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We present an analysis of the starspots on the active M4 dwarf GJ 1243, using 4 years of time series photometry from Kepler. A rapid P = 0.592596 ± 0.00021 days rotation period is measured due to the ~2.2% starspot-induced flux modulations in the light curve. We first use a light curve modeling approach, using a Monte Carlo Markov Chain sampler to solve for the longitudes and radii of the two spots within 5 day windows of data. Within each window of time the starspots are assumed to be unchanging. Only a weak constraint on the starspot latitudes can be implied from our modeling. The primary spot is found to be very stable over many years. A secondary spot feature is present in three portions of the light curve, decays on 100–500 day timescales, and moves in longitude over time. We interpret this longitude shearing as the signature of differential rotation. Using our models we measure an average shear between the starspots of 0.0047 rad day−1, which corresponds to a differential rotation rate of Δ = 0.012 ± 0.002 rad day−1. We also fit this starspot phase evolution using a series of bivariate Gaussian functions, which provides a consistent shear measurement. This is among the slowest differential rotation shear measurements yet measured for a star in this temperature regime, and provides an important constraint for dynamo models of low-mass stars.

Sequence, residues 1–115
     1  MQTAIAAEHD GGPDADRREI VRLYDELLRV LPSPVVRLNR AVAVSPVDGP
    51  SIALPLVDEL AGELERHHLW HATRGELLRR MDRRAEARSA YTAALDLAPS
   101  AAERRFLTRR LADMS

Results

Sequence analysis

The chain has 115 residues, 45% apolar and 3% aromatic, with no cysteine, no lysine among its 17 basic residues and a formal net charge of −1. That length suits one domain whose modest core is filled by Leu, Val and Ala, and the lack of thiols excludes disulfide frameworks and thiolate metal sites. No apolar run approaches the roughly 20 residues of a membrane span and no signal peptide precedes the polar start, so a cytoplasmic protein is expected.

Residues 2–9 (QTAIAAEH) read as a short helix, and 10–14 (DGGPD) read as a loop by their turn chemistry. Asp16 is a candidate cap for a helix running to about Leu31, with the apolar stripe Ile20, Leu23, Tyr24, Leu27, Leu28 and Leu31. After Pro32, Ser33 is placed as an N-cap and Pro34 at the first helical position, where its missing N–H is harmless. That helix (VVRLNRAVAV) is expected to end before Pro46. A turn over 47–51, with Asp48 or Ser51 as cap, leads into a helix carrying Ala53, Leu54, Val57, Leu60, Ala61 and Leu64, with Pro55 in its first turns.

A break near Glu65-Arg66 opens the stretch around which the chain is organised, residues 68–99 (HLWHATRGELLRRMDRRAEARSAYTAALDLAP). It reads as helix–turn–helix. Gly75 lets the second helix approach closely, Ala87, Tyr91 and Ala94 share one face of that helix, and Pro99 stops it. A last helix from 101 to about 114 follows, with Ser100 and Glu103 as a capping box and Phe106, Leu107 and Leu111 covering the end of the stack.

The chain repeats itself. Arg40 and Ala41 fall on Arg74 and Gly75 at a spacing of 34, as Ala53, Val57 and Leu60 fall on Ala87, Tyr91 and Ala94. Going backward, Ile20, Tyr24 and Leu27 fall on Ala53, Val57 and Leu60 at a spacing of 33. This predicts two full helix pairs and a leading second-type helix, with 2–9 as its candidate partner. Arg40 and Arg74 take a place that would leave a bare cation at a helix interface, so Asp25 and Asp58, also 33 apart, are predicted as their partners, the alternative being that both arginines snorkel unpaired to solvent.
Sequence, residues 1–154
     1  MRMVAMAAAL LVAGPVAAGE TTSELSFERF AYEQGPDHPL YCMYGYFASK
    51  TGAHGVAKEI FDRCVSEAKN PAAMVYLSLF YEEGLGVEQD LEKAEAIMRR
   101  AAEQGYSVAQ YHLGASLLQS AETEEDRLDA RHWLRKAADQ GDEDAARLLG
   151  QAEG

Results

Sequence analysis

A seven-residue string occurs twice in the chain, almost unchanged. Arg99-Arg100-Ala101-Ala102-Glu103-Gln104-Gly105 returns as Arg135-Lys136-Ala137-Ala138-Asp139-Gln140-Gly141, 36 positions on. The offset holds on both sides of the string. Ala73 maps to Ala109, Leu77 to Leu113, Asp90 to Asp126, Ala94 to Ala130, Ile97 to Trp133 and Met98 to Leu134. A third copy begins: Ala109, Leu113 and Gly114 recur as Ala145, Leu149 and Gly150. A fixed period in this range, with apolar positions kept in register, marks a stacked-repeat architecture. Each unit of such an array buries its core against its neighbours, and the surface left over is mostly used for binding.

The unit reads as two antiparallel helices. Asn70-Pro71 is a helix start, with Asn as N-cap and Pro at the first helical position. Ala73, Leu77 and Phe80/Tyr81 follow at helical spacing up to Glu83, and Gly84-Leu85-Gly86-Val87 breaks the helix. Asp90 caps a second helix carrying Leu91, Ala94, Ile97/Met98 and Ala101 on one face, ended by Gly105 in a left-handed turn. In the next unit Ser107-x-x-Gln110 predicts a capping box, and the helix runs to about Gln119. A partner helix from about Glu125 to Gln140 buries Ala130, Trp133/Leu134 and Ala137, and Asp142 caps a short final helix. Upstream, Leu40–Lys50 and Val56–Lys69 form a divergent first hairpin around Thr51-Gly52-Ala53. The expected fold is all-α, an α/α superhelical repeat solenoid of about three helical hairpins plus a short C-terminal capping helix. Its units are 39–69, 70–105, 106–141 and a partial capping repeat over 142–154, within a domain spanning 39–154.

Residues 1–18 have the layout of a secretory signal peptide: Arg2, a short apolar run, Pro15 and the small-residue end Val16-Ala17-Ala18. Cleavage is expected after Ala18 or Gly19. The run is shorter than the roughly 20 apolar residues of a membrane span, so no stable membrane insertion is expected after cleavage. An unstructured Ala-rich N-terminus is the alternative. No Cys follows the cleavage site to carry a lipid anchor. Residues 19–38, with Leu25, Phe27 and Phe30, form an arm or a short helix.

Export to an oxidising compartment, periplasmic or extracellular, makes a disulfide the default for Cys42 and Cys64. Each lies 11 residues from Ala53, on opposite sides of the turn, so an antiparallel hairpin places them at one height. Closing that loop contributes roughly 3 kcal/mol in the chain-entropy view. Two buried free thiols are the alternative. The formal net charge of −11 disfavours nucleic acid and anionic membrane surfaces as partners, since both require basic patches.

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The Astrophysical Journal





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Published 2015 June 18 • © 2015. The American Astronomical Society. All rights reserved.

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